Germany's Economic Outlook in Six Charts
1. Germany's economic momentum is expected to persist in 2018 . Business investment is expected to be dynamic. With strong job growth and unemployment falling to new post-reunification lows, rising wages should provide a boost to private consumption. Higher wage growth and stronger imports would also help bring down Germany's large current account surplus, which stood at 8¼ percent of GDP in 2017.
2. Public finances have improved significantly. The budget surplus rose to 1.2 percent in 2017 – the highest level since reunification. Fiscal surpluses are projected to remain high over the medium term, pushing debt down to 42 percent of GDP by 2023.
3. The strong fiscal position can be used to increase investment in physical, digital, and human capital. Public investment in infrastructure, especially at the municipal levels, can help crowd in private investment and support external rebalancing. New government plans to increase investment in digital infrastructure, especially high-speed nationwide internet connections, are essential to keep Germany's edge as an innovation leader. And with the high probability of an average German job of being lost to automation, investment in life-long learning is key to boosting productivity and long-run growth.
4. Public finances can also be used to boost labor force participation. Germany's workforce will begin shrinking in 2020. Policies to tap into the potential of women, older workers, and migrants can help offset this decline. Expanding childcare and after-school programs would provide greater opportunities for women to pursue full-time employment. Pension and labor market reforms that make it more attractive to stay in the workforce longer can also reduce the need to save and lift growth.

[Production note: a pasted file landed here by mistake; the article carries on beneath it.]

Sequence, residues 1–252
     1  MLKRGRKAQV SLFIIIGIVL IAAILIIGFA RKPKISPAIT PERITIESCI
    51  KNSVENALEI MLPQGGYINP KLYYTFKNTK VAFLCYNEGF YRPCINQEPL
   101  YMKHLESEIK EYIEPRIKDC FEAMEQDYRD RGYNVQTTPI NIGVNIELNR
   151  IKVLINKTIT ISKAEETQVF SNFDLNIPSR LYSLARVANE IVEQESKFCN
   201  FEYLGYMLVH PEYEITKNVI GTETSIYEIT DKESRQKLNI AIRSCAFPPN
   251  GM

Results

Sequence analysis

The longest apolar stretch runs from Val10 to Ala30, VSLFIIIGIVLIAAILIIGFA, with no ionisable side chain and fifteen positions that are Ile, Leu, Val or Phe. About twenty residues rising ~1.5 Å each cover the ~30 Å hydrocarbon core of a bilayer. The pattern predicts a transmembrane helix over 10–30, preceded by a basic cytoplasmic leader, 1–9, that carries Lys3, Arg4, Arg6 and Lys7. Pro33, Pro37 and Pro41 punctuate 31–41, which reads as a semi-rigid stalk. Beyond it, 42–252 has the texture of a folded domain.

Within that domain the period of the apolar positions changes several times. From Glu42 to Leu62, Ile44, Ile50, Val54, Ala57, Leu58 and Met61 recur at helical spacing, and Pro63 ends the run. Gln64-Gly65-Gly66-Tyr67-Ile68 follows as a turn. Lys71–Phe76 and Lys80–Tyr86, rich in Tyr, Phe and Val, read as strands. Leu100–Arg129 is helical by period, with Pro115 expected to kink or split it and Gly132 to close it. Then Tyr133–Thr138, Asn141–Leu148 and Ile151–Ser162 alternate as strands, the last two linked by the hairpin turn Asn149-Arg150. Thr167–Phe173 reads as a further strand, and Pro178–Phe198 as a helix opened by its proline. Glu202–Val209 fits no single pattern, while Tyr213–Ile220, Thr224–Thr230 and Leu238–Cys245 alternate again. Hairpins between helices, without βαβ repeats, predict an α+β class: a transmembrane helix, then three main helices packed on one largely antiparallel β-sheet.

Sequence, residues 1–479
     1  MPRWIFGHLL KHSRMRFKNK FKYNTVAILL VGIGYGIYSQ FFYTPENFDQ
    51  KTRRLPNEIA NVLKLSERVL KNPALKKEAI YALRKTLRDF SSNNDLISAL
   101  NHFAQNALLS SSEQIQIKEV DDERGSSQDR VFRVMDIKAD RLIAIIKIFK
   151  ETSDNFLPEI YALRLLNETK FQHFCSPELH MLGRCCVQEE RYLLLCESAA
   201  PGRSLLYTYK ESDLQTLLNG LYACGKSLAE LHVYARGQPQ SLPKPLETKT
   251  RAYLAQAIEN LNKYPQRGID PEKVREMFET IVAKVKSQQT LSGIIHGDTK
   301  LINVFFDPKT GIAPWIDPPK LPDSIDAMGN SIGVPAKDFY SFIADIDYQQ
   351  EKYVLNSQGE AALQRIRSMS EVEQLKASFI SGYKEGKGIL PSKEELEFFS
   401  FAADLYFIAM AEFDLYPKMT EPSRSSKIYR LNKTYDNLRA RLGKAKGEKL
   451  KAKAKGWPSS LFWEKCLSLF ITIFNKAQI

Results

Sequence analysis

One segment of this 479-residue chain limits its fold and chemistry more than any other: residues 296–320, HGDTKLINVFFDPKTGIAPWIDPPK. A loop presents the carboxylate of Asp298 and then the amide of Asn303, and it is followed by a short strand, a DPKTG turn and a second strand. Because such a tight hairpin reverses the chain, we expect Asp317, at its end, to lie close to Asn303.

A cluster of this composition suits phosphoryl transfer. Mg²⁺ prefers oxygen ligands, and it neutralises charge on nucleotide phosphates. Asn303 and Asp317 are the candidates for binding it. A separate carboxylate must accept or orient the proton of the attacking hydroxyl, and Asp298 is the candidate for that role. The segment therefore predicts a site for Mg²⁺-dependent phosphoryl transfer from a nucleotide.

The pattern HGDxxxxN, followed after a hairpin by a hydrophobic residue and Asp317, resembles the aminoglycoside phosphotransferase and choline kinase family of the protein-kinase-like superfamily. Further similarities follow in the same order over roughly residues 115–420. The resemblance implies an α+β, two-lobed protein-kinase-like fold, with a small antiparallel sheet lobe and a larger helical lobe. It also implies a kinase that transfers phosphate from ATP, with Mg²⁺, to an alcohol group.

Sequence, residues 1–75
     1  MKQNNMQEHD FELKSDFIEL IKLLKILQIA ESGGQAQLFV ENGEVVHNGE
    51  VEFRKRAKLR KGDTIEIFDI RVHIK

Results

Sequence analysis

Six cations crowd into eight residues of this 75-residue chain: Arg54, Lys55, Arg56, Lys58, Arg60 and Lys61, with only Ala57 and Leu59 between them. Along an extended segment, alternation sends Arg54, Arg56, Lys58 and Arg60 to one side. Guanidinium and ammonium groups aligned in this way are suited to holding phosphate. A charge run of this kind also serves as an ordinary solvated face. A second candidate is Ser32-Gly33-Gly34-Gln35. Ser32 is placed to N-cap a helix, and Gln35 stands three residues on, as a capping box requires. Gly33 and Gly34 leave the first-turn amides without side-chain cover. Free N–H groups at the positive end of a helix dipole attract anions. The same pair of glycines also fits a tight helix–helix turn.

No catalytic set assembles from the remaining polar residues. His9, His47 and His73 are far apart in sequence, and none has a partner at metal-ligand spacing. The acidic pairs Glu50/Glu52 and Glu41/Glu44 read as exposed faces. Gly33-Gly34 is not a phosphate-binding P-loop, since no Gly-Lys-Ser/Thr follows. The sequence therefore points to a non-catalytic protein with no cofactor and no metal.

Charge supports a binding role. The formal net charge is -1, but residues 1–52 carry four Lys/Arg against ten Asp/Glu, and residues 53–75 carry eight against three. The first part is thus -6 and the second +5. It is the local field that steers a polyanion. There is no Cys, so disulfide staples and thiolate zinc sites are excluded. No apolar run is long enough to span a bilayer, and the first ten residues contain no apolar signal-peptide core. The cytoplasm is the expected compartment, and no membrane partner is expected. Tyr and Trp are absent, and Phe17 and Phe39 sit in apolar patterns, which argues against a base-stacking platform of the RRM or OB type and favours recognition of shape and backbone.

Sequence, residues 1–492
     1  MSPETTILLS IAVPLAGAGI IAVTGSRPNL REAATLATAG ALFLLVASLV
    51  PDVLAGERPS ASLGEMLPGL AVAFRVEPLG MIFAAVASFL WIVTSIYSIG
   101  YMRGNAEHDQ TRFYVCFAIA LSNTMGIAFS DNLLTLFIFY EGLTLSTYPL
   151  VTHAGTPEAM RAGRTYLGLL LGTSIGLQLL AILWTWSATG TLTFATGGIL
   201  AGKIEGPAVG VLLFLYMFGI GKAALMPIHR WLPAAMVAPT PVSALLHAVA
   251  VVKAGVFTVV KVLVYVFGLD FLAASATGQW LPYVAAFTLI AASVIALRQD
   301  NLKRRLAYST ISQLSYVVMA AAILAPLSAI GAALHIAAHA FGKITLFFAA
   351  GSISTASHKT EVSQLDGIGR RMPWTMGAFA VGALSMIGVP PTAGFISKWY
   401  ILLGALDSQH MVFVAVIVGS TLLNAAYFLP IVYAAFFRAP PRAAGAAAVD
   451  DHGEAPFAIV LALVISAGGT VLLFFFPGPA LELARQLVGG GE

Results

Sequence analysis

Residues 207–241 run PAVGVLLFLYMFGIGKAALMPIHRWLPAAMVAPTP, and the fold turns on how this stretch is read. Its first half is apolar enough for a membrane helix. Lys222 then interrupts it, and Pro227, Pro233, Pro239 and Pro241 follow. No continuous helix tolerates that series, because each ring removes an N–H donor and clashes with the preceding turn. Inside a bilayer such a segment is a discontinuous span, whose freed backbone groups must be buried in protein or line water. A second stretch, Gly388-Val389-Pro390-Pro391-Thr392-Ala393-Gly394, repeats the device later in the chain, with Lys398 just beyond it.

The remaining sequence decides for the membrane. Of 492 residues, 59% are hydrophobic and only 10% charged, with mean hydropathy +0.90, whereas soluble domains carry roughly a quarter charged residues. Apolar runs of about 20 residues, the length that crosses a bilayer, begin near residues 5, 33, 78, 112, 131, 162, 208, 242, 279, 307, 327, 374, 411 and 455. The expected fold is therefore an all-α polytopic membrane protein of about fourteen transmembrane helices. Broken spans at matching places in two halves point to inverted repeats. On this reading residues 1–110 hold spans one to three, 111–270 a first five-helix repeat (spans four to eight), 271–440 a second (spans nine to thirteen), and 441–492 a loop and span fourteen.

5. Fostering entrepreneurship can raise productivity growth and investment . Germany is an innovation leader, but with a relative weakness in venture capital. The government should encourage the provision of scale-up capital to support startups at the growth stage. New business creation and expansion is essential for technological diffusion and productivity growth.
6. Strong policies are needed to curb financial excesses in the housing market. Rising wages, large immigration flows, and low interest rates are driving up the demand for housing. House prices in Germany's major cities such as Munich, Hamburg and Frankfurt, have risen much faster than in other European Union cities. Lowering the burden on new construction can ease supply constraints, and strengthening the prudential toolkit can help preserve financial stability.